I think what happened was: when you read at a dispute resolution guideline to ask another editor for help, you asked me, not realizing I was away. Then you were accused of canvassing, so you probably felt you couldn't ask another editor. Things went downhill from there. Very unfortunate. I regret not having posted a more informative header about not being here, before I left, and I hope you'll return. While we have to be careful about looking at user contributions as some people don't like having theirs looked at, I think in general it's fine to click the user contributions button for a quick glance to see whether the person has been editing recently. I generally don't mind people looking at my user contributions.
Other misunderstandings included: different interpretations of the words "retract" and "redact". I think many people would consider that removal or striking-out of comments on a talk page would be covered by these words. Once I asked someone to delete a comment, and when they did, I felt great relief as if I'd received an apology. The word "apology" is sometimes described as "to unsay". It's up to each person to decide what they consider an adequate apology, but it's not possible to force the other person to apologize. Asking for an apology can be difficult, with usually hard feelings on both sides, and typically both people feeling they're the one deserving an apology. If we're angry we can't help allowing it to tinge our edits and then the other person may feel there's been incivility directed towards them even if we believe we've acted civilly. Another misunderstanding: whether reverting your own talk page to an earlier version counts as editing another editor's comments. Different people may interpret this differently. Except maybe in mathematics, the meanings of words are never unambiguous so there are always chances of misunderstandings.
To get unblocked, you might want to look at user:Coppertwig/Unblocking as well as the standard guidelines. Likely you can still edit your own talk page, or email an admin, to ask to be unblocked. Coppertwig (talk) 19:00, 4 October 2021 (UTC)[reply]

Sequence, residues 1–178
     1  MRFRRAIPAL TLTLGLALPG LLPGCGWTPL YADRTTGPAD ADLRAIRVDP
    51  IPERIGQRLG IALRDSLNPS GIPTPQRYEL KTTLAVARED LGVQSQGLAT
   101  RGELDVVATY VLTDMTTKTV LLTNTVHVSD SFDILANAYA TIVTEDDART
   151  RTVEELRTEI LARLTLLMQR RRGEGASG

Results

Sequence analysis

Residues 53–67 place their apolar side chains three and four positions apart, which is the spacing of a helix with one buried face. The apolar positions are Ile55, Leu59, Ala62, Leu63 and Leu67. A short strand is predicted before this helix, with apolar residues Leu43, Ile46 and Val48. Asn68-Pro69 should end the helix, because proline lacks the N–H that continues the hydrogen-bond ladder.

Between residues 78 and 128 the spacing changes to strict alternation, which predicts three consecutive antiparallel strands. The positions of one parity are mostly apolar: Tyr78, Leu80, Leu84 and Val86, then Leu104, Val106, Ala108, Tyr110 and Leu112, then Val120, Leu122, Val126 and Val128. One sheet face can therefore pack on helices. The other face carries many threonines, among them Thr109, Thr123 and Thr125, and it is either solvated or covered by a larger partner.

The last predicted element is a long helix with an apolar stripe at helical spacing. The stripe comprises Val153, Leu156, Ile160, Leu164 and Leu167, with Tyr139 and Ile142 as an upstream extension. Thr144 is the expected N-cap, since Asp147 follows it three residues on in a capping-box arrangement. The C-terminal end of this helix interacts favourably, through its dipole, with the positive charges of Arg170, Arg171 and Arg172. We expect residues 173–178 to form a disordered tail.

Hello, Guy Macon. Welcome to my talk page. I hope all Wikipedians can assume good faith, get along, and unite against the common enemy which is the misunderstandings which all too often crop up between users. Coppertwig (talk) 20:29, 4 October 2021 (UTC)[reply]
The above conversation is regarding this edit: [6]
Related: Wikipedia:Administrators' noticeboard/IncidentArchive996:Wikipedia:Miscellany for deletion/User:Mervyn Emrys/sandbox.
This is not about "assume good faith, get along, and unite against the common enemy which is the misunderstandings which all too often crop up between users" This is about our core policy at WP:NOTADVOCACY: "Wikipedia is not a soapbox... This applies to talk page discussions... Wikipedia is not for: Advocacy, propaganda, opinion pieces."
There are people who really, really want to advocate something and they think that it is OK to spam it everywhere. You see this with Abortion, Gun Control, Politics, Religion, Climate Change, Drug Policy, etc. Someone is 100% committed to getting the message out that [abortion should be outlawed/abortion should be legal -- take your pick] and they really don't care whether someone who is having a nice conversation about PC memory upgrades or baking bread doesn't want the conversation hijacked. It's a form of Spam. and is (rightly so) prohibited on Wikipedia.
But this isn't just a case of someone being promotional. In this case the message they are promoting is evil. As I said to Mervyn Emrys at the time:
"Your proposal:
'the aim is to compile the names of individuals and their employers who share responsibility for stimulating global climate change... Each named entry will include a brief paragraph describing the role of the individual in stimulating global climate change. This will include individuals managing major energy production industries, such as coal mining and oil production, and major energy utilization industries, such as low miles-per-gallon automobile manufacturers and electric utilities. Most of the information given will be based on the office held by the individual and the role of the employer in the industry.'